-Typically handoff (going from cell to wifi / wifi to cell) calling works well, sometimes dialer has to be restarted a time or two to place a call however.

-Privacy concerns

-Data isn't "cheap" compared to other MVNO carriers w/o proprietary phones.

BENEFITS:

Unlimited calls
Unlimited texts
$12 a month



For anyone not concerned about data usage, I recommend Republic.  I get my fill of the 'net at home anyway, pocket the savings, and get a decent phone with tons of uses outside of calling (calculators, converters, notepad, etc).

-Happy Republic customer
(not a shill)
« Last Edit: April 17, 2015, 10:28:31 PM by Johnez »

Johnez

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Re: To Smartphone or Not To Smartphone...
« Reply #23 on: April 17, 2015, 10:27:18 PM »
If you're interested, I'd be happy to guide you if need be.

Two questions need to be answered, however. How many minutes/texts per line per month do you use and what network are you on?

Well that's very generous of you! To answer:

- I would estimate we each use about 400 minutes a month
- I would estimate we each use about 400 texts per month
- don't use any data as we don't have smartphones
- we use Virgin Mobile, which I believe uses the Sprint network for coverage, and have found that to be fine
- our handsets were paid for outright (about $30 each) and don't have SIM cards so I don't think we could use them as BYOD with another company
- Priority is cost-cutting, we are happy to stay on 'dumb' phones (but wouldn't say no to a smart phone if that turned out to be cheaper)
- not really interested in locking into a plan, as we might be leaving the country within next 6 - 12 months

Thanks again!

At this level of usage you might want to check out Ting.  Used them for 18 months about 3-4 years ago, EXCELLENT company.  You call, they answer.  Fixed every issue I had.  They have a decent refurb phone selection and a "used" section as well.  The refurb flip phone I got from them was immaculate.  With your usage rate, looks like Ting would charge $14 bucks for the plan plus taxes.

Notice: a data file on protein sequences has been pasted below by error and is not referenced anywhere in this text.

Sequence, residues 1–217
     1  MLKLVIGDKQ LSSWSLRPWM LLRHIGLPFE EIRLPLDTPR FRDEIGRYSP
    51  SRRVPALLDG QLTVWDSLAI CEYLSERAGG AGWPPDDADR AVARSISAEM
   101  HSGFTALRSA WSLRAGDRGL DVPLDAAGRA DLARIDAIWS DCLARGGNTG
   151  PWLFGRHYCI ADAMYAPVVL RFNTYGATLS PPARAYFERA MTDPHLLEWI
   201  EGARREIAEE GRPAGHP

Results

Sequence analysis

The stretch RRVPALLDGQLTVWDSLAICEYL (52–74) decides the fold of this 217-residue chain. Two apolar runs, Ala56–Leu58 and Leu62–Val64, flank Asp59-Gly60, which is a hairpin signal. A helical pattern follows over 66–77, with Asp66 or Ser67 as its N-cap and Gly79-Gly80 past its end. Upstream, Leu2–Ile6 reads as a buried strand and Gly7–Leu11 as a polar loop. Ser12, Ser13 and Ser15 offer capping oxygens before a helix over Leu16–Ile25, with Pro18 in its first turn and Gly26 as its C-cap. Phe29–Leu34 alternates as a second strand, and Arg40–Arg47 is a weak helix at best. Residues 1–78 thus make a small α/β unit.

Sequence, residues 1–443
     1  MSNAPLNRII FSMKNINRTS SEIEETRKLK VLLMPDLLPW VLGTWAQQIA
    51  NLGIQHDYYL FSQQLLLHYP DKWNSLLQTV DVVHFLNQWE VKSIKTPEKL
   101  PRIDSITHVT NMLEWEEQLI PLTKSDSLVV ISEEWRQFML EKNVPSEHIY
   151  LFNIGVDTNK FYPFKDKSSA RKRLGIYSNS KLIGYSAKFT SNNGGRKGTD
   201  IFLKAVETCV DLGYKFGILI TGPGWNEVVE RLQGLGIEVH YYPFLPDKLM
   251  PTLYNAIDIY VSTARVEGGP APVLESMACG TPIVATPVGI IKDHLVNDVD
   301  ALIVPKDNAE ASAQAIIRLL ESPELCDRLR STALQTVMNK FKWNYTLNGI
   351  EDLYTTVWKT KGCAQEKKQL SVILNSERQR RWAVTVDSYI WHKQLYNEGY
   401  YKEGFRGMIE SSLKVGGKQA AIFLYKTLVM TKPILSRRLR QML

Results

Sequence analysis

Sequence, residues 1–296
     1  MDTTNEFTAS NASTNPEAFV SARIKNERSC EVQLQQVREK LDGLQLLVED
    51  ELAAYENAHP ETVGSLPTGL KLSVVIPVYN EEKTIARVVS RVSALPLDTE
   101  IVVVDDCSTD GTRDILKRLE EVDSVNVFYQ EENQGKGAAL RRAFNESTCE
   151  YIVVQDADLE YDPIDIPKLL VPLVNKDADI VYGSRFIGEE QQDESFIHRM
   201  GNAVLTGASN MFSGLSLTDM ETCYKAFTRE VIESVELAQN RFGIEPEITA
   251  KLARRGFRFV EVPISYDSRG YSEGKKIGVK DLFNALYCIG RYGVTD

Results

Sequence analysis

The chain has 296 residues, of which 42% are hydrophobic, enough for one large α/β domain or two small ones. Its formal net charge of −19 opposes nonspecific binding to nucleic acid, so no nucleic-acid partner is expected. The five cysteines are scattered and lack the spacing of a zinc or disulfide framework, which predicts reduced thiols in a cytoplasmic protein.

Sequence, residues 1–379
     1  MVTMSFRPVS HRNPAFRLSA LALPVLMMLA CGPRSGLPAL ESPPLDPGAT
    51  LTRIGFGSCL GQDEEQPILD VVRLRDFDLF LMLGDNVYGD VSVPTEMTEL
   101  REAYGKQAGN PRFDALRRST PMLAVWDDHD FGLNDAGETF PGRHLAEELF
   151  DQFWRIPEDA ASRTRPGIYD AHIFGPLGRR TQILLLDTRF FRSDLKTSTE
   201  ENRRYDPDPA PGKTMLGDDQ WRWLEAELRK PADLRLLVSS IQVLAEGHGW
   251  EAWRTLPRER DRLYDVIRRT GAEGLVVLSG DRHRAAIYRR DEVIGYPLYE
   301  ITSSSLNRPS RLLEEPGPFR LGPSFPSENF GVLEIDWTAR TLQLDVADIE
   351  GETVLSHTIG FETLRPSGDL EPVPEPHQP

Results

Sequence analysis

waltworks

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Re: To Smartphone or Not To Smartphone...
« Reply #24 on: April 17, 2015, 10:39:23 PM »
IP talked me down from the iPhone ledge a few months ago and I ended up with an HTC Evo 4g somethingorother that cost $30 refurbished from Ting's "Glyde" people:
http://glyde.com/buy/used-htc-evo-4g

As a recent flip phone convert, I have to say, it is a great little device. I can, if needed, send an email with it. I don't, usually, but I can. It makes nice clear calls and saves all my contacts and syncs them with my other accounts. Great. I can look at calendars and such and do organizer type tasks. So long story short, win. I have not ended up spending all my time on instagram or anything, thus far. I don't have my hipster flip phone cred anymore, though.

Ting has been fine for me and my various phone-dependents/hangers-on. I use a bazillion minutes talking to customers but nobody else talks on the phone much, and none of us uses any data for anything so for all practical purposes the other 3 lines on our group plan are $6/mo. Grand total varies from $50-60/mo or so and the service is great everywhere I've tried to use it.

It is tempting to just bail to google voice and only make calls over the internet but I've discovered that my poor tired laptop's microphone is all but dead.

-W